Little Crumbs of Gold: Raul Perez & Comando G

Posted on: 02/22/19 9:19 PM

As winter continues to roll on now is the perfect moment to heat things up with two precious allocations of Spain’s hottest estates: Raul Perez and Comando G. Beloved by wine geeks everywhere, both of these young, critically buzzing estates are on fire with collectors, the press and us humble retailers alike. If you haven’t cracked a bottle, do yourself a favor and experience them.

Success stories have abounded in Spain in recent years but none may be more important than that of Daniel Landi, Fernando Garcia and Raul Perez. Together they represent the new generation of “cool” Spain. Their wines, which can be some of the most riveting in Europe, inject a special excitement in a Spanish category already crowded with surprise and thrill. So, what makes them special? A common thread between both estates comes from their inspiration from Burgundy. Instead of aiming for saturation, oak, ripeness and impact, both estates have pursued the opposite: striving for freshness and pure, elegant expressions of place. Mr. Perez accomplishes it with a native grape named Mencia, Comando G captures it with Garnacha.

To say this approach has been wildly successful is a complete and total understatement.

Mr. Perez has assumed the mantle of being the most exciting and talked about winemaker – not in Spain – but on Earth. His cult following has officially gone global. One third artisan wine maker, one third mad scientist and one third Lord of the Rings character, Pérez, commonly referred to as the “Master of Mencia” has hit the jackpot with his Burgundian approach that has made him a critic’s favorite.

With their label “Comando G” (cheekily named after 80’s Japanese cartoon), Mr. Landi and his partner are redefining what was previously viewed as Spain’s workhorse variety, Garnacha, into something that can rival the seduction and finesse of Pinot in Burgundy or the dark elegance of Syrah from the Rhône. Like many from this new generation, Mr. Landi and Garcia met at university, learned from some of the best in Spain, then branched outside of their native country concentrating their time on Burgundy and the Rhône. With the lessons learned, they returned home searching for abandoned high altitude vineyards in the weathered peaks of the Sierra de Gredos. “Three years ago, many people thought that we were just some crazy university graduates,” explained Mr. Landi. “But now it seems they’re finally beginning to understand”.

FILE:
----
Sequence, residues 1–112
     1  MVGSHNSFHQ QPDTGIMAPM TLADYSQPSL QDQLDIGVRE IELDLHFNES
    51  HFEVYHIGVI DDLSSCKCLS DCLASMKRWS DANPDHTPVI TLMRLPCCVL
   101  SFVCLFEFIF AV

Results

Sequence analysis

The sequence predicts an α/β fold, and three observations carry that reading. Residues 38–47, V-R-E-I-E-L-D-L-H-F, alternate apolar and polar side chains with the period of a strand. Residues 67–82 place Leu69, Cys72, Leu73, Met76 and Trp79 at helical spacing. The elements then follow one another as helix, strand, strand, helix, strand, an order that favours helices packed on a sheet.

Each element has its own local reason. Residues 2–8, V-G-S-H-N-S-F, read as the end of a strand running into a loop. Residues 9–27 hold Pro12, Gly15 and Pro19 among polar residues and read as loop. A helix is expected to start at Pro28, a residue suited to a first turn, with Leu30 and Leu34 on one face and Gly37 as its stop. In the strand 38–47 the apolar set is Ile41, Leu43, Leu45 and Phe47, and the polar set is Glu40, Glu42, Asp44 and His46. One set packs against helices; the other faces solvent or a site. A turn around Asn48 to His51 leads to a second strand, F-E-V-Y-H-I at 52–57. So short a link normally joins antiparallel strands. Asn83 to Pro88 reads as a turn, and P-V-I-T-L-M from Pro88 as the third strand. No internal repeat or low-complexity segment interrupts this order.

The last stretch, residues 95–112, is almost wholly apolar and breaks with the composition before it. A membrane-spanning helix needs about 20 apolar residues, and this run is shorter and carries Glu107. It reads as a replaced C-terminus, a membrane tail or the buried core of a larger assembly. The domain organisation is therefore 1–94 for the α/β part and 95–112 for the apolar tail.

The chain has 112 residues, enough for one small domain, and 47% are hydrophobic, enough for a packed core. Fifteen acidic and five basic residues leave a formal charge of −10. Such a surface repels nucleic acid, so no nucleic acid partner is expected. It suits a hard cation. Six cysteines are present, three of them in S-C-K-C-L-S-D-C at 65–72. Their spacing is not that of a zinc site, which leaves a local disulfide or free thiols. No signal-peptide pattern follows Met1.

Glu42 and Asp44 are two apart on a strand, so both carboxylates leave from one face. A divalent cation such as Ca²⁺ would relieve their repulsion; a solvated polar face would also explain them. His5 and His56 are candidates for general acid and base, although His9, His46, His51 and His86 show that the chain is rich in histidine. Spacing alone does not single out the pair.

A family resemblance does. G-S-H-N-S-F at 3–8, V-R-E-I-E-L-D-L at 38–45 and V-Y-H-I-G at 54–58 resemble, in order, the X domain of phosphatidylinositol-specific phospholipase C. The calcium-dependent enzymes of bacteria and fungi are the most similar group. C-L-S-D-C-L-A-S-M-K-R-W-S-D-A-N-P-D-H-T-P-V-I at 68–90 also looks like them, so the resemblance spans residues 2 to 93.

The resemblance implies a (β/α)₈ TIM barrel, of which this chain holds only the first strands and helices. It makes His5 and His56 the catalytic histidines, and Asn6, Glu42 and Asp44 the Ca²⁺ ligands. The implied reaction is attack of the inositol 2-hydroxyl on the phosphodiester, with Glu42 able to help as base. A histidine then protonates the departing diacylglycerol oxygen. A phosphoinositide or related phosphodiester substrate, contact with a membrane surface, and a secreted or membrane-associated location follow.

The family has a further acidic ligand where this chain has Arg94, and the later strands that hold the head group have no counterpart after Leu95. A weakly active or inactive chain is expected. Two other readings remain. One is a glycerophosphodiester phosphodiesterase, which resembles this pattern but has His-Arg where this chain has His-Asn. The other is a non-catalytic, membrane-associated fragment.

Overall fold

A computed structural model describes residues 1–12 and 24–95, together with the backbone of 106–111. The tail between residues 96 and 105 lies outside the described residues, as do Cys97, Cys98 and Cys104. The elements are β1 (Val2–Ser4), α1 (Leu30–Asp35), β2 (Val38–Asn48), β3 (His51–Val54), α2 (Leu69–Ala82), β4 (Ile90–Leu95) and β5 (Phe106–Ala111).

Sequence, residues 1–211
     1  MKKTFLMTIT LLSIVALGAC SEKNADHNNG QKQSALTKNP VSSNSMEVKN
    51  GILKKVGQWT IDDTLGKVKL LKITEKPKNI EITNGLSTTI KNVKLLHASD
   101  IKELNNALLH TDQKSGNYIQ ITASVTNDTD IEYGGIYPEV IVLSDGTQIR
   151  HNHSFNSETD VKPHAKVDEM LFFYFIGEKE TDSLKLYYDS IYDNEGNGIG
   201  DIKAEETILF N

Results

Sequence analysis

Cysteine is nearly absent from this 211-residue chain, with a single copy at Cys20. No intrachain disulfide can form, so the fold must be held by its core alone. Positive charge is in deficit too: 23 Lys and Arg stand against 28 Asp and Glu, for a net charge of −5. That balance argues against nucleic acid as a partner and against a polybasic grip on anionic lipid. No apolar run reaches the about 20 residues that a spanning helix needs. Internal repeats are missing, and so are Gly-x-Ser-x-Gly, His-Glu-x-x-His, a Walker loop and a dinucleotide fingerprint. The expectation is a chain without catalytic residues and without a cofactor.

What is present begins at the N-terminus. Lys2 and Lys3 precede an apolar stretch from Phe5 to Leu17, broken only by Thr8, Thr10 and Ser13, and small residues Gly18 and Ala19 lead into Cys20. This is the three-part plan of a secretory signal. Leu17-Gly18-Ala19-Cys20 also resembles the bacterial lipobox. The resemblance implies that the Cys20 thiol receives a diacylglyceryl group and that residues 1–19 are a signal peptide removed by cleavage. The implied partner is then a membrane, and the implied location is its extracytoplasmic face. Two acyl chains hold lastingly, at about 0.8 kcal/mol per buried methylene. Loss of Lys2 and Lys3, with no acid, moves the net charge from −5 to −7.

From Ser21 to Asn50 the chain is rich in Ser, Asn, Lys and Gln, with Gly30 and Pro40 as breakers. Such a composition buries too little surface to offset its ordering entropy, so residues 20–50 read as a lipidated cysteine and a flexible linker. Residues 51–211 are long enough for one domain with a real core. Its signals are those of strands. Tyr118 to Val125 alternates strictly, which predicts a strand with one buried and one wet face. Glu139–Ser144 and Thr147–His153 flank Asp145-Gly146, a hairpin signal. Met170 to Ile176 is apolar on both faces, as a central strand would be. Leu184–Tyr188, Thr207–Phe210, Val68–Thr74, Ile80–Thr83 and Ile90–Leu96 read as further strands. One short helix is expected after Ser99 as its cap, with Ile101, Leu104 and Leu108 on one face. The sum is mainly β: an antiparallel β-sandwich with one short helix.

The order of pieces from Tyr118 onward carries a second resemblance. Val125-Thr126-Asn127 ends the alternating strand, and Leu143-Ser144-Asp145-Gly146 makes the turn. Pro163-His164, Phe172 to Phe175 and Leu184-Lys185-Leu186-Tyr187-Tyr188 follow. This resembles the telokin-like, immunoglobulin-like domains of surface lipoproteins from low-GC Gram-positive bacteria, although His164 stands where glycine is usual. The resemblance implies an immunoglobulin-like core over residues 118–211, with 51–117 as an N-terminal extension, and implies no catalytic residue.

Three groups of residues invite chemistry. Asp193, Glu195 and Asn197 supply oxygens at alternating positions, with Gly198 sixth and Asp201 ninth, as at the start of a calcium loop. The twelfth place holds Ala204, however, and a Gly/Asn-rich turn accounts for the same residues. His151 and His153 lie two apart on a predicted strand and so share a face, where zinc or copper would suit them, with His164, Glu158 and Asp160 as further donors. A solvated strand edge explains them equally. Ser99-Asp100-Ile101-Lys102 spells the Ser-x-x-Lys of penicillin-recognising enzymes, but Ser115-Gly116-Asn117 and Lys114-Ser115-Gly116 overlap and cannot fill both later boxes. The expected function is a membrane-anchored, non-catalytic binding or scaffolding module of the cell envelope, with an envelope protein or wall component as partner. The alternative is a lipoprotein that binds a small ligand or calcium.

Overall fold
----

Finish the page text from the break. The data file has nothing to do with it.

Needless to say but we’re huge fans of both estates. These are sensational, fresh, pure and sophisticated wines that reflect their unique terroirs. We guarantee they will become harder and harder to find as the rest of the world wakes up to their magic.

Come and get them while you can!!!

Comando G

2015 Comando G La Bruja de Rozas

“The affordable 2015 La Bruja de Rozas, still sold as La Bruja Avería in Spain, is a blend of Garnacha grapes from different vineyards in the village of Rozas de Puerto Real, which is in the province of Madrid within the geographical zone of the Gredos Mountains. It’s remarkably fresh for the vintage and is mostly from purchased grapes harvested quite early, some ten to 15 days before the average. They used a higher liquid to skin ratio pressing some grapes and had a colder fermentation trying not to extract, and they produced a very balanced, elegant and impressive wine for the natural conditions. It’s juicy, with unnoticeable tannins and no oak whatsoever, floral and elegant. Some 50,000 bottles were filled in August from large oak vats where the wine matures; they do not use any barriques for this wine.” 92 Points, Wine Advocate

2015 Comando G Rozas 1er Cru